The scoop: HP EliteBook 840 Notebook PC, starts at $814 (configuration we tested costs $1,064)
What is it? A business-class Ultrabook aimed at mobile professionals, the EliteBook 840 features a bunch of security features that should make IT happy, with enough bells and whistles to please the mobile employee.
For the IT support team, the EliteBook 840 includes HP's Sure Start offering, which aims to detect and restore the computer's BIOS within 30 seconds if it's attacked or corrupted. The Crisis Recovery Mode is able to replace the corrupted BIOS Boot Block with a clean copy from the secure memory and HP says this can help save IT time by avoiding help desk calls or service ticket requests.
Other security tools include hard drive encryption, a Device Access Manager (control access to ports and storage devices) with Just in Time Authentication support (gives users fast, credentialed permission to use removable drives for a limited time) and HP's Secure Erase.
Why it's cool: The notebook features a lightweight (starts at 3.48 pounds) yet tough finish (supports the military 810G standard and has Corning's Gorilla Glass), and the latest tech specs (Intel Core i3, i5 or i7 processors; up to 16GB of memory; storage options up to 1TB hard drive or 256GB SSD; 802.11ac Wi-Fi).
The 14-inch display should be large enough to provide enough screen real estate to get work done (I've always been annoyed with 11- or 12-inch displays too small in my opinion). The unit we tested had an Intel Core i5-4200U processor, 4GB of memory and a 180GB SSD.
With the optional UltraSlim Docking Station, employees can connect this quickly at their office or cubicle workstation, connecting to a larger screen. In our tests, we connected the notebook and docking station quite easily to an HP Z24i display (24-inch monitor) via one of the two DisplayPorts on the docking station. A neat feature of this docking station it attaches to the notebook on the side rather than the back.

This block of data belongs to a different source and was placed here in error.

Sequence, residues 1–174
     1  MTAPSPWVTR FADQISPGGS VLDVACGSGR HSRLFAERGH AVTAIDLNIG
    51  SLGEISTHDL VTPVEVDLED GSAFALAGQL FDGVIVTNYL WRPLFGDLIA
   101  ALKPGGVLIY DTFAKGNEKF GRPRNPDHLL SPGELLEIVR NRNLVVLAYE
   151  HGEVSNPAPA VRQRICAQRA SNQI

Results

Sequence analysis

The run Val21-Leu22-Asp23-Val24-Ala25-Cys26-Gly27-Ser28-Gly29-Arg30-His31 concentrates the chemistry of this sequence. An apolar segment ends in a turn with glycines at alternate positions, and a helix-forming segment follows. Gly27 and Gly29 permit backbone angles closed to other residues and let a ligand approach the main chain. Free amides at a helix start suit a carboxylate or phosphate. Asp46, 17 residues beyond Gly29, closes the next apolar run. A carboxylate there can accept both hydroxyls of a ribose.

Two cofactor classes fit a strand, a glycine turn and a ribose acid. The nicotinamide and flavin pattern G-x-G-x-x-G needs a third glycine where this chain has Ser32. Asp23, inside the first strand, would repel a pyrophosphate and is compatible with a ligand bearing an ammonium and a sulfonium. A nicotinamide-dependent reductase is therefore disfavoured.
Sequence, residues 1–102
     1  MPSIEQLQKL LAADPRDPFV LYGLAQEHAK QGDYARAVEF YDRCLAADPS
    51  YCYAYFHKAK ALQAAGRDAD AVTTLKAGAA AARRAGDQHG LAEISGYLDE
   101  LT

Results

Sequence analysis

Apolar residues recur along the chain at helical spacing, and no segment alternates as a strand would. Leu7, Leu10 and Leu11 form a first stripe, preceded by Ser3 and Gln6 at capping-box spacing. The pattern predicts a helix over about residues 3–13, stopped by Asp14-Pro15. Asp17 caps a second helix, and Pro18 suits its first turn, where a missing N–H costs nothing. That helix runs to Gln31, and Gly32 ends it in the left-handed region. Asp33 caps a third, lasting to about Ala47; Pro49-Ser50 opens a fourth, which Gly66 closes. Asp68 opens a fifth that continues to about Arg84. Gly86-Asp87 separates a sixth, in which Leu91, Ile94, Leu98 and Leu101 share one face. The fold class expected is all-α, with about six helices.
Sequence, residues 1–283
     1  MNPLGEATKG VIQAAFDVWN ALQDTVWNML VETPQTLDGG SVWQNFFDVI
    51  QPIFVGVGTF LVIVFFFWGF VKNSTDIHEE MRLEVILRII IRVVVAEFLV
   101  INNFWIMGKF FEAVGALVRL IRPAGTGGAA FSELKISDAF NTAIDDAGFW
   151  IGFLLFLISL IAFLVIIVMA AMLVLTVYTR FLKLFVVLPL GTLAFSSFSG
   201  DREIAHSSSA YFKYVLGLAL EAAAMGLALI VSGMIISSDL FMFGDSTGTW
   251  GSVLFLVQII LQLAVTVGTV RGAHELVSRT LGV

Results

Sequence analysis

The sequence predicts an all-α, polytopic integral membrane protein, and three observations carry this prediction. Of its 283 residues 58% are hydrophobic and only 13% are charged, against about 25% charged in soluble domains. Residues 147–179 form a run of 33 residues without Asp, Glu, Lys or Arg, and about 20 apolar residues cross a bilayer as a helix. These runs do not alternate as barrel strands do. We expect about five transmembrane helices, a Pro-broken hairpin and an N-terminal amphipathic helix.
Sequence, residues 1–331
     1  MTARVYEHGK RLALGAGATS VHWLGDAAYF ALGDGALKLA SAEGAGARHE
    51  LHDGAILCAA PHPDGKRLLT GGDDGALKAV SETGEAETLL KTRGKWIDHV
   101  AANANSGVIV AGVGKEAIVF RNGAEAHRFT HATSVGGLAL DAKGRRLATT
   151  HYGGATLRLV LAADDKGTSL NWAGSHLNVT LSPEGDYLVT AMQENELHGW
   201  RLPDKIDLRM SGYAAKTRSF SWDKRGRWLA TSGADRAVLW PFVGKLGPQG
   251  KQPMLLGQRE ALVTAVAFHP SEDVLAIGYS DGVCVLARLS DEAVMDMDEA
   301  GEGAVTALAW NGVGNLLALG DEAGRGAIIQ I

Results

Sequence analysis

Other cool features include HD Audio with DTS Studio Sound, two integrated studio speakers, a spill-resistant keyboard (including a drain that lets you wipe up coffee spills a lot quicker) and optional backlit keyboard option. Power options include a 3-cell battery, but you can upgrade to a 6-cell battery for longer life (up to 33 hours with the optional secondary Slice Battery). I was also happy that our unit had Windows 7 on it instead of Windows 8, which helped me appreciate the system a lot more.
Some caveats: While several features are cool enough, some users may still say, "It's not a MacBook Air" or other ultrathin notebook, and for the most part this is meant to be a business notebook and not a super-monster multimedia machine or gaming notebook. Alone, it's a nice notebook, but I'd also recommend looking into the docking station and attaching another display to make it even more valuable for those times when your mobile employee is in the office.
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